The laws, legislation and guidelines by which we navigate UK roads are constantly under review and subject to change, as they attempt to meet the needs of an ever-changing transport landscape.
The Highway Code recently changed to recognise new rights of way for pedestrians, while the government announced new laws to make way for autonomous vehicles. But headline-making gimmicks aside, what are some lesser-known laws that every motorist should know?
Puddle Splash, or Public Nuisance?
It is a scene resembling that of a comedy farce: pedestrians stood in line at a bus stop in rainy weather, only to get drenched as a passing car ploughs through a nearby puddle. While this is might sometimes be a source of mirth for certain ill-intentioned motorists (despite being a day-ruining event for pedestrians of any stripe), it could also be an illegal one. Laws regarding careless or inconsiderate driving are intentionally vague, encompassing any manoeuvres that occur ‘without reasonable consideration for other persons’.
Driving in Snow
The same law could also apply to specific instances in cold-weather conditions – particularly snowy ones. There are drivers amongst us content with clearing only their windows and mirrors before setting off, leaving banks of snow on their car bonnet and roof. There is nothing inherently illegal about this, but doing so poses the risk of snow shifting from the roof to cover your windscreen. This could lead to you driving, again, ‘without reasonable consideration for other people’.
Safe Tyre Treads
Speaking of cold weather, the winter months pose new challenges to drivers in the form of inclement conditions. Icy roads and water tables can make for adverse driving conditions and illustrate all the more the importance of traction.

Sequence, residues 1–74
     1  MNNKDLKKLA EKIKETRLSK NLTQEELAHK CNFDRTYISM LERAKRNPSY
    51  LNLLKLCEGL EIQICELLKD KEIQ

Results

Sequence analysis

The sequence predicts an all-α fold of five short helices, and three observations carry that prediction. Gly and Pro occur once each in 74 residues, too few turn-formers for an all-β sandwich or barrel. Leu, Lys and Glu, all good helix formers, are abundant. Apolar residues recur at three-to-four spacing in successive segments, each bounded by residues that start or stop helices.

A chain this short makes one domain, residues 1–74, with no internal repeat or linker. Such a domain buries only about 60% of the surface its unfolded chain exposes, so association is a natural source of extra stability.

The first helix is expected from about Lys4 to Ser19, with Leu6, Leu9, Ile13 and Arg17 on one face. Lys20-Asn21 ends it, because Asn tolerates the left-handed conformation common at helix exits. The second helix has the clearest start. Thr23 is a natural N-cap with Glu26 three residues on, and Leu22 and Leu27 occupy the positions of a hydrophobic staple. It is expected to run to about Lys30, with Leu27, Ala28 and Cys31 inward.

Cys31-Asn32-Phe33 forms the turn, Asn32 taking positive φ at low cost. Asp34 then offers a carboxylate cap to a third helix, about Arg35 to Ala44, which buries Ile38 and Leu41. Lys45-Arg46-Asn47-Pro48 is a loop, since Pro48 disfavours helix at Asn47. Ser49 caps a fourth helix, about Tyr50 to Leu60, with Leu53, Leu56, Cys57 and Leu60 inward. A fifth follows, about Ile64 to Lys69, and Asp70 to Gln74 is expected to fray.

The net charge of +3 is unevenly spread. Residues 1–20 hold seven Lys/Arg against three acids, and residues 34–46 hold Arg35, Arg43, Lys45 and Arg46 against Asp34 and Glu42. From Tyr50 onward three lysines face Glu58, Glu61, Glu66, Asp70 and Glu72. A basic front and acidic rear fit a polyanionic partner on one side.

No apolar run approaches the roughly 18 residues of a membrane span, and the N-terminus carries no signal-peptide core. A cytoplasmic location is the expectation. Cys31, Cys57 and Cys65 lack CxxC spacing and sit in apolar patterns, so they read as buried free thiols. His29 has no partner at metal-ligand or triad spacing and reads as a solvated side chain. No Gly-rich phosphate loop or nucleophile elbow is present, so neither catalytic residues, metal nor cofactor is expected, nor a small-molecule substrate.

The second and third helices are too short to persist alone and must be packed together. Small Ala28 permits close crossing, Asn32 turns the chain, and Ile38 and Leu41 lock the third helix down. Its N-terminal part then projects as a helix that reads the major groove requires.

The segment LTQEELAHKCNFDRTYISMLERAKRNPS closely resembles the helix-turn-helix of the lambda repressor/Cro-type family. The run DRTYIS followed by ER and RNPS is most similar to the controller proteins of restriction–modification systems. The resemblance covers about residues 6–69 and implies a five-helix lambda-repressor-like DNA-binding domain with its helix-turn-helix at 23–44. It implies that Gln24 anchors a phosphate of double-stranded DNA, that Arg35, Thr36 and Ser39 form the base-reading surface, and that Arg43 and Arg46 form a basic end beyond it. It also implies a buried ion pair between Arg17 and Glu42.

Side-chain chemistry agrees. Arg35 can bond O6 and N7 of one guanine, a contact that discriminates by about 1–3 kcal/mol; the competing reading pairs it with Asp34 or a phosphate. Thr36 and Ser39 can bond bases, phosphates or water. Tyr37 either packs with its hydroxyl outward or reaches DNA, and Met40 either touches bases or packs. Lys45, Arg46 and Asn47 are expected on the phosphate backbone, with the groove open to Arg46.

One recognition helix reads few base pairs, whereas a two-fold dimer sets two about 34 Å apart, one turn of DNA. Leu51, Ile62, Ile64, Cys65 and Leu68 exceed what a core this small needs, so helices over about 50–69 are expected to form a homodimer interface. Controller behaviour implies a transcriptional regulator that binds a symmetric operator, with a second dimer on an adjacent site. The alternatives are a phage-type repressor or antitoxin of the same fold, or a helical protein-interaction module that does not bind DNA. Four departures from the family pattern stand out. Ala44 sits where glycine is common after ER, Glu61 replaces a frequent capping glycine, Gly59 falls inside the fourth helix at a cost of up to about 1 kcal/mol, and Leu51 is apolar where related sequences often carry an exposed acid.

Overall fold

Indeed, there is year-round law stipulating the minimum amount of traction a car must possess, expressed in the form of tyre tread depth. If your tyre treads measure less than 1.6mm deep, you must replace your tyres for a new set, whether you buy tyres online to install at home or have a mechanic replace them on your behalf.
No Phones Behind the Wheel
Lastly comes a relatively new law, which still catches out motorists who have failed to keep up with shifting legislation. The ban on phone use while driving has been in place for some years now, but expanded in early 2022 to become much stricter. Now, drivers are no longer allowed to hold a phone or GPS device at all when driving. If you have a habit of grabbing your phone to change your music playlist or check your travel route while driving – even if when idling at a red light – you could be risking points, a fine and even a driving ban.